Antoinette de Jong and Robert Knoth
Tree and Soil (2011–2018)
Tree and Soil addresses the relationship between humans and nature. Robert Knoth and Antoinette de Jong undertook multiple trips to Japan following the tsunami and nuclear disaster of 2011. In the deserted landscape around Fukushima, at times they felt like archaeologists from the future: trying to understand what happened in a distant past when a mysterious force resulted in the evacuation of villages, buildings, fields, and forests, and only a residue of human presence was left behind.
Two centuries earlier, the medical doctor, scientist, and naturalist Franz Philip von Siebold gathered artefacts, plant and animal specimens, block print images, and paintings in Japan. His collection illustrates how Japanese culture is deeply rooted in and inspired by nature. Siebold’s work is exemplary of the “Age of Exploration” in which explorers travelled the globe to discover and uncover the secrets of the natural world and all its treasures for the use and benefit of humankind.
This age can be seen as a prequel to “the Anthropocene”, starting roughly in the mid-20th century, during which Planet Earth has been profoundly changed by human activity: plastic pollution, radioactive contamination, rising CO2 emissions, deforestation, and mass extinction of animal and plant species.
Distinctly present in Japanese visual storytelling is the recurring theme of natural disasters like tsunamis, proving time and again that nature’s forces are all powerful, despite human attempts to tame them. In Fukushima the story comes full circle: here the impact of a natural force is exacerbated by the uncontrollable forces created by humans: nuclear power. The ties between humans and nature are severed, and a vast area where generations raised their families has become inaccessible.
Tree and Soil (2018)
Two-channel video installation, stereo sound, loop, duration 22’00’’
For this video work, Robert Knoth and Antoinette de Jong documented evacuated farmhouses, gardens, agricultural grounds, and the surrounding nature covered with forests as well as the mountains in the close vicinity of the Fukushima nuclear plant, They also held lengthy conversations with former inhabitants of the area.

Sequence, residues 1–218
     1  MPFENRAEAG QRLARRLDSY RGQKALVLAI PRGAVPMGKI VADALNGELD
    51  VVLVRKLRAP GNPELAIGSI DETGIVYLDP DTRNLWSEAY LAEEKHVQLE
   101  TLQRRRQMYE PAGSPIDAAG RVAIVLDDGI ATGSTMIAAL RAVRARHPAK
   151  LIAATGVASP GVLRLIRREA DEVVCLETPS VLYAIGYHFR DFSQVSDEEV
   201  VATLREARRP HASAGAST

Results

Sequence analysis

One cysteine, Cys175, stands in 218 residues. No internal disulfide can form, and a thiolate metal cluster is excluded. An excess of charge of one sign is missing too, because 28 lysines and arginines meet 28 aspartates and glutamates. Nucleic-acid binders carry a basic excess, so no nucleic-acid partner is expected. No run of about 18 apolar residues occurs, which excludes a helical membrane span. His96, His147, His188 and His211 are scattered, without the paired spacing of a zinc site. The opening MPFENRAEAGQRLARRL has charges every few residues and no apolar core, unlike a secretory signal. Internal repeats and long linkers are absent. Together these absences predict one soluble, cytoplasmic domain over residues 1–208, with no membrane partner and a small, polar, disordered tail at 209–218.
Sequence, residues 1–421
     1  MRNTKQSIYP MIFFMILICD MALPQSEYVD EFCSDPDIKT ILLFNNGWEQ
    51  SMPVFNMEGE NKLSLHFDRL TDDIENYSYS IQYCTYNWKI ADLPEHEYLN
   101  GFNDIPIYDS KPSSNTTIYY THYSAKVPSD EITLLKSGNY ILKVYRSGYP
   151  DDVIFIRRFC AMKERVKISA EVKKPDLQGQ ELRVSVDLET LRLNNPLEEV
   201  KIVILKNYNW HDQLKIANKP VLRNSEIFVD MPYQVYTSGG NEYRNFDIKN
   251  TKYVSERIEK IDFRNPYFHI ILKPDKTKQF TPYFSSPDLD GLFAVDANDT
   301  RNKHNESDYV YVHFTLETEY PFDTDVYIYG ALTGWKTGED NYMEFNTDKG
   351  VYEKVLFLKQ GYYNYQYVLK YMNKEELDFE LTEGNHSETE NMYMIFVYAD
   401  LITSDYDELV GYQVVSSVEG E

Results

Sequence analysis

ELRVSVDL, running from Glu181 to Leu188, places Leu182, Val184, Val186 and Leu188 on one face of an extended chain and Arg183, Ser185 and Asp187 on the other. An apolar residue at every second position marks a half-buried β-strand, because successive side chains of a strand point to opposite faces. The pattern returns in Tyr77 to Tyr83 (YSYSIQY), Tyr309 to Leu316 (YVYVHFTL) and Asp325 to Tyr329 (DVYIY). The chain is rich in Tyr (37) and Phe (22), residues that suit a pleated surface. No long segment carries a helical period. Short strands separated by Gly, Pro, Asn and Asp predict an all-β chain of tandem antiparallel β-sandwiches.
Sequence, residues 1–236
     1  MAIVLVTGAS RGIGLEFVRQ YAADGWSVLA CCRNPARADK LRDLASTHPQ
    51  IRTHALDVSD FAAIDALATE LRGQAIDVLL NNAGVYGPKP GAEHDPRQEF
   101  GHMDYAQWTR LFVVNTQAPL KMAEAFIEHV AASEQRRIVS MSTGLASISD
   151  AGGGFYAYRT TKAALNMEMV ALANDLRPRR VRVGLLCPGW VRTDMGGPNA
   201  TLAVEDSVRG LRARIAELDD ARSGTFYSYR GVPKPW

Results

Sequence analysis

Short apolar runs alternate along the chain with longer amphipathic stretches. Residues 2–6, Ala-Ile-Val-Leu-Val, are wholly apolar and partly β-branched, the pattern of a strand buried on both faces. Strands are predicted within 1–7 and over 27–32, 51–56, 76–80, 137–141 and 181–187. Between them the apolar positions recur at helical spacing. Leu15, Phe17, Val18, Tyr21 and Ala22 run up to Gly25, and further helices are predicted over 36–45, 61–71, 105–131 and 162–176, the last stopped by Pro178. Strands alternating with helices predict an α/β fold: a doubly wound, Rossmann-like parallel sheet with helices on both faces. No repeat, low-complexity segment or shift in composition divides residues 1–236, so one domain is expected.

In a juxtaposition of two video screens, long static shots reflect the ongoing process of slow and minuscule changes in the landscape: water running downhill in little streams, drops rolling from leaves, and flowers blossoming in springtime. Audio recordings of crickets awakening in the early morning, birds singing in the empty fields, and trees rustling in the wind make up a rich and almost tangible soundscape.
Editors: Thomas Roebers and Peter Claassen
Tree and Soil (2019)
Dummy of the forthcoming book
In their publication, Antoinette de Jong and Robert Knoth combine their landscape photography with drawings of plants, seeds, and animals from Siebold’s collection held in the Netherlands. When Siebold was on a Dutch trading mission at Deshima island off the coast of Nagasaki in the early 19th century, he had the chance to travel throughout the country and to take home not only a vast quantities of artefacts but also a true treasure throve of woodblock prints.
In addition, de Jong and Knoth insert images in the book of scanned leaves, fruits, and branches from plants collected by Siebold which are still growing and flourishing in the Hortus botanicus of Leiden.
For this specific exhibition, the artists selected objects, artefacts, drawings, and woodblock prints from the collections of Manggha and the National Museum in Kraków.
Text and photography: Antoinette de Jong and Robert Knoth
Essay: Erik de Jong, Professor of Culture, Landscape and Nature (University of Amsterdam)
Graphic design: Kummer & Hermann
Antoinette de Jong and Robert Knoth
The work of Antoinette de Jong (b. 1964, NL) and Robert Knoth (b. 1963, NL) is characterised by an autonomous, modern approach with a focus on long-term documentaries that attempt to uncover the complexity of various socioeconomic or political topics and their impact on the lives of “ordinary” individuals. In the resulting work, Knoth and de Jong seek ways to merge the hyperrealism of documentary with the abstract qualities of art and literature.
For two decades, De Jong and Knoth have covered numerous conflicts through background stories and reportages for various international media. Their projects have been exhibited worldwide; they have published a number of books and received awards from World Press Photo and the Deutscher Fotobuchpreis.